• Burhan sorted out all the contours and we milled almost all the new pieces without a hitch, and then one of the smaller pieces hasn't been screwed down properly. It flew up dramatically and broke the endmill-- the last 1/8" endmill left in all of CBA! All was lost...
  • ...until we begged a new not-quite-1/8" endmill off of the EECS lab, and then we managed to break that one too. We're still not entirely sure what happened, but it might have something to do with the fact that this third endmill ended in a long skinny bit and didn't have all the little grooves that our original endmills had. Anyway, it got a bunch of little plastic bits all stuck up and then it snapped. We're sorry, EECS.
  • It was now 8pm on Sunday, and we called upon Jake for his advice. Lo and behold, he had another 1/8" endmill stashed away! This was really the last one, so we promised to be careful. Erring on the side of caution, we stopped milling after a few minutes because all of the plastic bits were getting stuck in the groove. This hadn't happened before, so we ran up to ask Jake for his advice. Poor Jake was still in his lab doing important circuit-related things, but he suggested tinkering a bit with the spindle speed.
  • Terrified of breaking our last endmill, we decreased the spindle speed by a moderate 500rpm. We loaded up the file, started the ShopBot, and then broke our 4th %&$#@! endmill! It got all stuck up in the plastic shavings and snapped. But why did the ShopBot hate us so much? We despaired, shutting down the ShopBot, bemoaning our fate, and resigning ourselves to the misery of life without a functional pancake robot...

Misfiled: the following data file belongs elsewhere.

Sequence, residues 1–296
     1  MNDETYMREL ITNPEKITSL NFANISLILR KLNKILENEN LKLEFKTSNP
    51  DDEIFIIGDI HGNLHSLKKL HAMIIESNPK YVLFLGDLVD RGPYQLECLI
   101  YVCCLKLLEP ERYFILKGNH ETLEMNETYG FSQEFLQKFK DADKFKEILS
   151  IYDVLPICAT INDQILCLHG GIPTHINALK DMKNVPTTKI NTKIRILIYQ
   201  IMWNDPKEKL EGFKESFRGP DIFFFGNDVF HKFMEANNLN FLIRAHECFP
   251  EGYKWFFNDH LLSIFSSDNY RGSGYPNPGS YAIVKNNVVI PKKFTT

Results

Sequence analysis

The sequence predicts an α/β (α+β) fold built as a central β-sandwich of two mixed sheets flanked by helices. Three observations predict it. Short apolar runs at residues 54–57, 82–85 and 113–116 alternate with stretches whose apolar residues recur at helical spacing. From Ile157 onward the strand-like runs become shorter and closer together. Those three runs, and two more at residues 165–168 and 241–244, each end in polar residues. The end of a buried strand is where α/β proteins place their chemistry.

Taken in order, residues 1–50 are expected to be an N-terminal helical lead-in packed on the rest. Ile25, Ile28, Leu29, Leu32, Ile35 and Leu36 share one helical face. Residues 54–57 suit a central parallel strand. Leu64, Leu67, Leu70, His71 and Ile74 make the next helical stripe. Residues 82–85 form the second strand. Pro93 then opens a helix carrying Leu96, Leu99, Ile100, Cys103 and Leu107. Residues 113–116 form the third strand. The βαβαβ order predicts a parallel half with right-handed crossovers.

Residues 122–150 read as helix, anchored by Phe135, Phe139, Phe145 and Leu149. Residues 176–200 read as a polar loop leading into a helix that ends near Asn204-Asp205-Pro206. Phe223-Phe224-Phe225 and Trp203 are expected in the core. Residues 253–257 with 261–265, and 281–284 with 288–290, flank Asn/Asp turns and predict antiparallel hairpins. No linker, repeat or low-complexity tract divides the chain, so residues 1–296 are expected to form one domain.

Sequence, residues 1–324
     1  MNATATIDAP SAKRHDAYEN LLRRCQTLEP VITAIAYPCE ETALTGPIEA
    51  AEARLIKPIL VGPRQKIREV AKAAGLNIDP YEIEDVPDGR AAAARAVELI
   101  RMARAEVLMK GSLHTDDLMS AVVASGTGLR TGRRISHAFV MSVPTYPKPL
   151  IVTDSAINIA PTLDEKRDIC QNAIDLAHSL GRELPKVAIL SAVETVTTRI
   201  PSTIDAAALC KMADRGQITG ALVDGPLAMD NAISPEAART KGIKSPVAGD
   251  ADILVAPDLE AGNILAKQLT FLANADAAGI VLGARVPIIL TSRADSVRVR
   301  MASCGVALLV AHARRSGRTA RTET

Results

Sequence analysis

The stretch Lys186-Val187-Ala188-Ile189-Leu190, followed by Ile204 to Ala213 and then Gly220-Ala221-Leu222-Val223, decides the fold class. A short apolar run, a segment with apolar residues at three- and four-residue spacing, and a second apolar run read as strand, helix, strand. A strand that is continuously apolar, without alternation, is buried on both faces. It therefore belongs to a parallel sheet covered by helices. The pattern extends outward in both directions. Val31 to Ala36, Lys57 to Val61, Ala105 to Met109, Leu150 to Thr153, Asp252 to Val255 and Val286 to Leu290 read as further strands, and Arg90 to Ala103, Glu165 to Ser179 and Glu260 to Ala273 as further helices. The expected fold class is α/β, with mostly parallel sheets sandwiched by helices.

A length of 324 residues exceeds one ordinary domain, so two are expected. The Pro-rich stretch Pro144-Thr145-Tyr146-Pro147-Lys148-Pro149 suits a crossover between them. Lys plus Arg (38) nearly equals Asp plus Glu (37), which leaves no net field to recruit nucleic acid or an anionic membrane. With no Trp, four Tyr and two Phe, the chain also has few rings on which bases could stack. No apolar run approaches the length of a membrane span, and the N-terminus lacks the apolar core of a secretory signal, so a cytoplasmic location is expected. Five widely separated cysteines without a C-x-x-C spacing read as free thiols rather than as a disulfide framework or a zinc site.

• ...but Jake had a super secret fifth 1/8" endmill hidden somewhere in the bowels of CBA! One last chance! So we reloaded our run, and it finally milled out perfectly! This was pretty strange-- what had cursed our Shopbot last time? Maybe we should've just restarted it instead of toying with the spindle speed?

  • Lessons for the Future

    I then skipped out on the rest of machine-building to catch up on life on Monday and Tuesday, and returned to the shop Tuesday night for the final preparations. Here are my personal takeaways from our weekend of ShopBot woes:

    By the time class started on Wednesday, everything was assembled and working independently-- but some issue with the TinyG confusing millimeters and inches made the Makey Cakey run erratically rather than actually print any coherent shapes. This was disappointing but honestly not unexpected: one week isn't nearly enough to build a complex multifaceted machine, unless you're Jake, Jens, or Nadya. But hey, at least we know what's wrong and plan to fix it in the future!

    Makey Cakey